april 22/RUN

3.5 miles
2 trails + tunnel of trees
43 degrees
light rain / wind: 15 mph

Raining today. When it stopped, I headed out to the gorge. Within a few minutes: more rain. I could barely feel it. I was more bothered by the wind. Even that didn’t bother me that much. Everything was wet and dripping. I looked at the river, but I can’t remember what color it was or how the surface looked as the rain fell. I probably couldn’t have seen that anyway because I was too far away.

Heard lots of water rushing through the sewers in the street, then water falling from the sewer pipes in the ravines at 36th, 44th, and 42nd. Just after I turned around at the 44th street parking lot, I stopped at a bench overlooking the river. It was at a slight angle above the Winchell Trail and faced St. Paul, on the other side. Next month the view from this bench will only be green leaves, but today I could see the river (even if I don’t remember what it looked like), and the trail below, and the other side.

Didn’t see Dave the Daily Walker this morning, but I did say “good morning” to one walker, and then laughed in recognition when another walker said, “What is it? Hot or cold?”

Thinking about revising a haibun I wrote a few years ago and submitting it. Could I shape it into something that speaks to ideas of entanglement and nets and mutuality?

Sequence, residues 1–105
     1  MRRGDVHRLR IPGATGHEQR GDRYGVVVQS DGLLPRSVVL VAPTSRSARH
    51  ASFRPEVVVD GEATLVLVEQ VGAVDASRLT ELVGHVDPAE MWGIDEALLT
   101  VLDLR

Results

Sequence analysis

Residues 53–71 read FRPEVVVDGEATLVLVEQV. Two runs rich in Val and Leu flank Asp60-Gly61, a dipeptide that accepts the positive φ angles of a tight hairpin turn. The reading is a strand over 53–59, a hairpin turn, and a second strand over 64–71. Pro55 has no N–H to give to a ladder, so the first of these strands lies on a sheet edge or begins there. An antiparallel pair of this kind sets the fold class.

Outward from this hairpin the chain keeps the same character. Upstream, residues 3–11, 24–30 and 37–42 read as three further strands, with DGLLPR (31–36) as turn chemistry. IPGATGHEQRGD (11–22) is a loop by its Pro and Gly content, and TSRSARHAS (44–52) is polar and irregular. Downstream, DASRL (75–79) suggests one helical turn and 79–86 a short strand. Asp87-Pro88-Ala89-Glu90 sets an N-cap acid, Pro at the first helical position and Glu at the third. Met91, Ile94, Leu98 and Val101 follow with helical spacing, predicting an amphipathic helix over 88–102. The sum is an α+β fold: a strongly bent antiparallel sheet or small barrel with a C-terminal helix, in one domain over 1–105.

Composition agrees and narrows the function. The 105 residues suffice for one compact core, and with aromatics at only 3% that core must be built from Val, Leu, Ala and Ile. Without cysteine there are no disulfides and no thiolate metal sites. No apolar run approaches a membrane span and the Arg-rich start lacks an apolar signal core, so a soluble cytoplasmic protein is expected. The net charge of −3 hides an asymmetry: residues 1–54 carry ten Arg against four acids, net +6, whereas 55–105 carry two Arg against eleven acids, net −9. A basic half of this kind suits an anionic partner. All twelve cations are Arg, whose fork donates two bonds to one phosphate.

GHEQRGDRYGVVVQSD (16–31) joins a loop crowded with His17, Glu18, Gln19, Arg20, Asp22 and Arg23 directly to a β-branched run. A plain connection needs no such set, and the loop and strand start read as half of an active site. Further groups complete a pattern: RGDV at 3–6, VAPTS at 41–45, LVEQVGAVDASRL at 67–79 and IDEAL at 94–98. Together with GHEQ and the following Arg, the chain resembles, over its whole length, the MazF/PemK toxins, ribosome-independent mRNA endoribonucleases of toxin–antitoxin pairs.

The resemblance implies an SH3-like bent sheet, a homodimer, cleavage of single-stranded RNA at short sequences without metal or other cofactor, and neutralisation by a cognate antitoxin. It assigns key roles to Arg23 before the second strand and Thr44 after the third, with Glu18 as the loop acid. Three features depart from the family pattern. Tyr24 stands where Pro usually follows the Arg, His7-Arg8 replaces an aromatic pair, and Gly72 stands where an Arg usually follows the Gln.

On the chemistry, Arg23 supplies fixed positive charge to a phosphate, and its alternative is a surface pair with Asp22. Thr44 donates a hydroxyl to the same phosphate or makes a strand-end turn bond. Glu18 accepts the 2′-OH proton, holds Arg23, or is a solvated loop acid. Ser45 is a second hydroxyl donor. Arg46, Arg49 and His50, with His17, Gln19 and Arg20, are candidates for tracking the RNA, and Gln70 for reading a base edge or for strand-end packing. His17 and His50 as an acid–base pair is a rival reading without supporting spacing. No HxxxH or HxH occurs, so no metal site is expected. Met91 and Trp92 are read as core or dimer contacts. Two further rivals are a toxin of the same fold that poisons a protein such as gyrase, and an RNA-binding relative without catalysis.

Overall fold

On the Dirt Path Near Folwell Avenue

Even if you try to time it just right, when you climb the steep, short hill up to the dirt packed path you cannot avoid the swarming swath of sex-crazed gnats or the little old lady slowly shuffling by, swinging her hiking poles, a voice TED-talking out of her phone’s speaker reminding you that this is why we are all here. Do not bother the bench resting on the rim of the gorge to ask what this is. If looking through the thickly thatched oak leaves to gather glimpses of the silvery river sparkling in the morning sun doesn’t already answer everything, the bench certainly won’t be able to help.

Bugs and old ladies
wake early in July but 
so does the river.

I think I especially need to rework the last sentence and the idea of what this is. Maybe also the haiku at the end? Looking through my pages documents, I found some notes I took while trying to figure out how to write about this encounter with the little old lady. The second paragraph reminds me of a great sentence I read in an article describing entanglement. Every organism is an ecosystem.

which reminds us why we are all here…